And what would a Christmas celebration be without food? Food has been a staple of this holiday since time immemorial, and naturally we continued this tradition.
Have you ever had a fine meal inside a historic home dining room while in period-correct clothing?
If so, then you know it is quite an experience, especially at Christmas time.
|We had a very nice spread for our Christmas Eve dinner, including slices of turkey, cranberries, fruits and vegetables, crackers, and pickles.|
Candace served us very well. I believe we shall raise her salary next year!
|Grace before mealtime. Always give thanks to God for His generous bounty.|
|For dessert we had pumpkin pie and freshly made whipped cream.|
|To some it may seem offensive to have Candace eating alone in the kitchen, but as our servant this was her place to dine.|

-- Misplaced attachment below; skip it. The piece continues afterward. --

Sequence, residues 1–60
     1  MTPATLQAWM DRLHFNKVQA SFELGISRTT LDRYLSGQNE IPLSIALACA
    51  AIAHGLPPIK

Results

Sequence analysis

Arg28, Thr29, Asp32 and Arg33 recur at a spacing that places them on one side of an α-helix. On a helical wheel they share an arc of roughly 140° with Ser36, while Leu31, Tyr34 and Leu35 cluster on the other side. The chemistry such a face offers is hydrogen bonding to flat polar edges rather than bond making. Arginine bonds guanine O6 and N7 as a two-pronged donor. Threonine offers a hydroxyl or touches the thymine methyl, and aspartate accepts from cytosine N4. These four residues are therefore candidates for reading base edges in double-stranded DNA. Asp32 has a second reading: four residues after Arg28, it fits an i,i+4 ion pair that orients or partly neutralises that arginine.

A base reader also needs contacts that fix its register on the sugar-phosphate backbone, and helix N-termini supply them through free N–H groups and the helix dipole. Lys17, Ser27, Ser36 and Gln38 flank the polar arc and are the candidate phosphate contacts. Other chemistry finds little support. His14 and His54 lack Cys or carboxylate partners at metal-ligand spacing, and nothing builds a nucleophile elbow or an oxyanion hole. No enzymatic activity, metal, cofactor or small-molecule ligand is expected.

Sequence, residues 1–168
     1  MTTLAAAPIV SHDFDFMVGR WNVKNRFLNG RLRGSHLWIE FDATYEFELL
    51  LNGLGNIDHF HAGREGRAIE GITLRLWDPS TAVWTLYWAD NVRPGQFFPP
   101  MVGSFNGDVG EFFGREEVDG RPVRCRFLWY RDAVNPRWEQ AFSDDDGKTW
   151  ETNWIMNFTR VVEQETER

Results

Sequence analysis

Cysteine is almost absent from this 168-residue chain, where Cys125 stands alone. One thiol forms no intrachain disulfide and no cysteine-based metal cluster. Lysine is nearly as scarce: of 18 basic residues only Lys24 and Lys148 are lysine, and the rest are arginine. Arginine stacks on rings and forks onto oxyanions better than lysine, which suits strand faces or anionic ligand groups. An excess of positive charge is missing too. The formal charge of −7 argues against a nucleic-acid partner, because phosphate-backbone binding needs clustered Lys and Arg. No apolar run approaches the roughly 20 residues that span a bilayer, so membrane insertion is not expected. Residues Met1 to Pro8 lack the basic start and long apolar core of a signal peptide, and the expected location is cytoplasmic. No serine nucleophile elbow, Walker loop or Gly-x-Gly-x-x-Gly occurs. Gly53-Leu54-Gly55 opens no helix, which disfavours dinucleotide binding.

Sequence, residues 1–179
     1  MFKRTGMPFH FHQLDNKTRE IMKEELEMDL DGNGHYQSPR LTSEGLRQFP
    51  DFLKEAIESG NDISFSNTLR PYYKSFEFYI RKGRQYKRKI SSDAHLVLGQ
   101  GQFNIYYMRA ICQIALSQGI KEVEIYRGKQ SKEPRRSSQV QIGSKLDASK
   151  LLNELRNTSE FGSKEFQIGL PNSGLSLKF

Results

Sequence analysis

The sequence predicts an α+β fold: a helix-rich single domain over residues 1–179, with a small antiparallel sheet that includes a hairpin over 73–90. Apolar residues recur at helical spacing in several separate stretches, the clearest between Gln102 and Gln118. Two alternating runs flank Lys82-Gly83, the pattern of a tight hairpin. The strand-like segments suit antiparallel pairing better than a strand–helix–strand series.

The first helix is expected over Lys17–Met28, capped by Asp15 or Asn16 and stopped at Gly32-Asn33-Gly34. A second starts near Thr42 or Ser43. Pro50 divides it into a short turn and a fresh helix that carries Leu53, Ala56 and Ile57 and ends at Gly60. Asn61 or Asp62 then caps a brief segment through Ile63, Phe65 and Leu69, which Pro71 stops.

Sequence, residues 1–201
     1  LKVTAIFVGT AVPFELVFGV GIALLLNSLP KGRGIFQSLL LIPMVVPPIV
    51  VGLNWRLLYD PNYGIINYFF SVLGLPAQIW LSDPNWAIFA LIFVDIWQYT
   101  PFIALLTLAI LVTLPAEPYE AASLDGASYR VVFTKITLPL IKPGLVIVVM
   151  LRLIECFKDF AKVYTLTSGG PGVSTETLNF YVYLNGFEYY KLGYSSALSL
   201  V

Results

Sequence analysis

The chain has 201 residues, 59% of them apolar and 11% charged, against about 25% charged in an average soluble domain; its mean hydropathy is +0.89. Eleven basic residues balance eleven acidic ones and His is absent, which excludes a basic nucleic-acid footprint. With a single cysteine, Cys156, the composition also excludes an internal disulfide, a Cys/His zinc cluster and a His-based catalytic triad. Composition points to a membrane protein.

|After our meal, Elizabeth surprised us all with small tokens for Christmas. How very thoughtful and kind...|
It is a rarity to be able to see what a bedroom was like after the sun went down while the darkness of evening covered the land in the pre-electric days, for most historic homes are either closed up by nightfall or they do not allow visitors on the 2nd floor without some sort of modern lighting to guide their way. Kristen/Christina wanted that opportunity, so she and I went upstairs and took numerous photographs of her in room lit by a candle.
|The image here makes me think of a melancholy young lady, spending some quiet time in her room, maybe thinking about her betrothed off fighting in the War|